ELLSWORTH — The blowy weather that made lobster fishing a hard chance recently might well have been a blessing in disguise.
The wind and cold certainly have given shorebound Maine lobstermen a good chance to learn about the tempests engulfing their industry in the Legislature and the world of fisheries regulation.
Already beset by limits on how they fish — trap numbers, trawl length, the kind and strength of rope used for groundlines and buoy end lines are all regulated in the name of conservation or protecting endangered northern right whales — lobstermen are waiting to see what new rules regulators may impose on the fishery.
At the beginning of February, the Atlantic States Marine Fisheries Commission began work on changes to the current interstate lobster fishery management plan.
Although there is a ways to go before formal amendments are considered, the action is aimed at “reducing the number of vertical lines in the water in response to concerns about the North Atlantic right whale population and the potential impacts of whale conservation measures on the conduct of the lobster fishery.”
According to the ASMFC, the new rules will be aimed at reducing the number of vertical lines — buoy marker lines — in the water by as much as 40 percent. Among the mechanisms under consideration are stricter trap limits, seasonal closures of fishing areas and speeding up already planned trap reductions.
The good news, if there is any, is that regulators will “consider” actions already underway at the state and federal level — including trap limits and reductions — that have already reduced the number of vertical lines in the water.
In response, Department of Marine Resources Commissioner Patrick Keliher said, “With this proposed action, the board is entering uncertain waters. However, as the lead management authority for American lobster, we have a responsibility to ensure the viability of the lobster fishery.”
The situation is complicated by the role of the National Oceanic and Atmospheric Administration’s Atlantic Large Whale Take Reduction Team and an upcoming “biological opinion” under the Endangered Species Act.
Given the economic and social significance of the lobster industry, the ASMFC highlighted the importance of ensuring that “the implementation of measures to conserve North Atlantic right whales takes place in a way that maintains the sustainability and culture of the lobster fishery.”
While regulators outside the state appear focused on curbing lobster fishing, the Legislature has been dealing with several bills aimed at making it easier, or at least quicker, to get a lobster license.
LD 314, introduced by Rep. Billy Bob Faulkingham (R-Winter Harbor), would ease the requirements of the lobster license apprentice program by allowing prospective licensees to replace logbooks documenting at least 2,000 hours of sea time aboard lobster boats with proof that they landed at least 4,000 pounds of lobster before their 18th birthday and acquired 60 days at sea over two seasons.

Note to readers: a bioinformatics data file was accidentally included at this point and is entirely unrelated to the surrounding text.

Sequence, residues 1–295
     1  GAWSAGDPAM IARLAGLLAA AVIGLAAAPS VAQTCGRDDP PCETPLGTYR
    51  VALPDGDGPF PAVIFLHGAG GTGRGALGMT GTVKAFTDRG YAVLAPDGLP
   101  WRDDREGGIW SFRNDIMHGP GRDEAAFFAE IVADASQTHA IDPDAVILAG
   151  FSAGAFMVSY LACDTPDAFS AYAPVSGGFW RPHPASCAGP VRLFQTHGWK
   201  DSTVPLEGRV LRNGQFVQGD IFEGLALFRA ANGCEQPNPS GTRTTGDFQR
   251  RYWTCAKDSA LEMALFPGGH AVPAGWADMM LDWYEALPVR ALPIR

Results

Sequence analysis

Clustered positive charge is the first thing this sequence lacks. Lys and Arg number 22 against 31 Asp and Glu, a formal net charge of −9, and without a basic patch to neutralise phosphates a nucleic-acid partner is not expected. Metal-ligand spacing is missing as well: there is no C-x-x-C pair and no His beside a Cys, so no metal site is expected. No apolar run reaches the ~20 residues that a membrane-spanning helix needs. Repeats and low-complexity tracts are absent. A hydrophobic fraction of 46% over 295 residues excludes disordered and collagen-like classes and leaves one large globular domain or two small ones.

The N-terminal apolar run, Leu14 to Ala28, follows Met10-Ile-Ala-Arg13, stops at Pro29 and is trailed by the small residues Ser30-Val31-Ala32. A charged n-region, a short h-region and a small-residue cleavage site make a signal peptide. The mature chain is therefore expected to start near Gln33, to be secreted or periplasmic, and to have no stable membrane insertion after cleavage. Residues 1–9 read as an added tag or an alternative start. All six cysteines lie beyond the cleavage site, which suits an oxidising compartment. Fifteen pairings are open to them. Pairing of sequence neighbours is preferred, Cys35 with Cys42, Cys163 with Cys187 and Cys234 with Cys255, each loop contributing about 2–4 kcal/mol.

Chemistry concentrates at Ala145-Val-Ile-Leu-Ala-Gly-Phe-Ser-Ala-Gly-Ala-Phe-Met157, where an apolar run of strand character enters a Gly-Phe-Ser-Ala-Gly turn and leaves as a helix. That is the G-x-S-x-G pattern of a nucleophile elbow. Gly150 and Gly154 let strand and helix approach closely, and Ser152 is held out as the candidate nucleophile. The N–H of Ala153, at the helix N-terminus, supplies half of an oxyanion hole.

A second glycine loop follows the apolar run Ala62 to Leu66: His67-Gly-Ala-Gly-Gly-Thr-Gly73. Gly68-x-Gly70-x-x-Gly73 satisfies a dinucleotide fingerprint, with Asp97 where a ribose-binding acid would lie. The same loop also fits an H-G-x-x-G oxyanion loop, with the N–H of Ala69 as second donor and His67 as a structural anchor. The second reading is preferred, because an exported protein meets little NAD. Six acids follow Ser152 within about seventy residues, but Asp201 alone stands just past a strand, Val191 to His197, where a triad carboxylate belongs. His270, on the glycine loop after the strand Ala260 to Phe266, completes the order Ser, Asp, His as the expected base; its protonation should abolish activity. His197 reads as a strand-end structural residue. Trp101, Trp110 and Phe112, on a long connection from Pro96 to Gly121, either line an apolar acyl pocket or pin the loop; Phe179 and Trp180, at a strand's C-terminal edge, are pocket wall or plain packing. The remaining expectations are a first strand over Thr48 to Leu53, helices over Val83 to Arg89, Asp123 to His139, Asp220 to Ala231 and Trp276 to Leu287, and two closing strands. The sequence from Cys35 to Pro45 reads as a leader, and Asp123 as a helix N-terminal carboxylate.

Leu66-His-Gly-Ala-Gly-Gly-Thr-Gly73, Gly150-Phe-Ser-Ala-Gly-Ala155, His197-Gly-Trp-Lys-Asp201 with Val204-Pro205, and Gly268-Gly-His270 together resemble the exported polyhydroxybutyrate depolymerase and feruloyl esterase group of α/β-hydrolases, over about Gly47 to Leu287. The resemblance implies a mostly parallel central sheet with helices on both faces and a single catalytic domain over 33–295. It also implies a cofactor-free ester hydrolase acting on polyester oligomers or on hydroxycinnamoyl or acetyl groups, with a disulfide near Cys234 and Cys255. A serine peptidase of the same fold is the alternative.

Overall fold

The bill drew opposition from DMR, the Maine Lobstermen’s Association and the Maine Lobstering Union, all of which argued the proposal would weaken the state’s apprenticeship program.
LD 28, introduced by Rep. Joyce McCreight (D-Harpswell), would require that a license should be issued to anyone who has been on the lobster license waiting list for at least 10 years and raised a passionate debate at a Feb. 5 Marine Resources Committee hearing.
Currently, several of the state’s regional lobster management zones have “limited entry” programs, implemented for conservation purposes some 20 years ago, that require a certain number of outstanding licenses or trap tags, be surrendered before a new license may be issued. The impact has been harsh.
In Zone G, at the westernmost end of the state one man testified, people have spent 16 years waiting for a license. He switched from lobstering with his father to bricklaying because of the wait.
The situation is bad, too, in Zone B, around Mount Desert Island. Joshua Kane of Bar Harbor testifies that he has spent nine years on the list working as a sternman and still has no license.
“My son was not born when I started fishing and he’ll get his commercial license (through the student license program) before I get mine,” Kane said.
Much of the concern about the waiting lists reflects the fact that young people can get a student license between the ages of 8 and 23 and, after completing their apprenticeships, get a commercial license for a limited number of traps at the age of 18 without going on the waiting list.
One concern for opponents to the bill is that its passage would create the perception that Maine isn’t serious about reducing fishing effort, a particular issue in light of concerns about whales.
Deirdre Gilbert of DMR said that, for the present, the department would recommend that the committee hold onto the bill until it becomes clearer what is happening with new whale protection rules.
On the bright side, LD 174, introduced by Rep. Genevieve McDonald (D-Stonington), got an overwhelmingly positive reception. The bill would clarify the law to allow a person under the age of 12 to “assist” on a lobster boat. Although no one could remember a Marine Patrol enforcement activity, at least in theory a child who spends an afternoon on a family member’s lobster boat isn’t allowed even to pick up a lobster, let alone try to band one.
The bill appears likely to pass without opposition.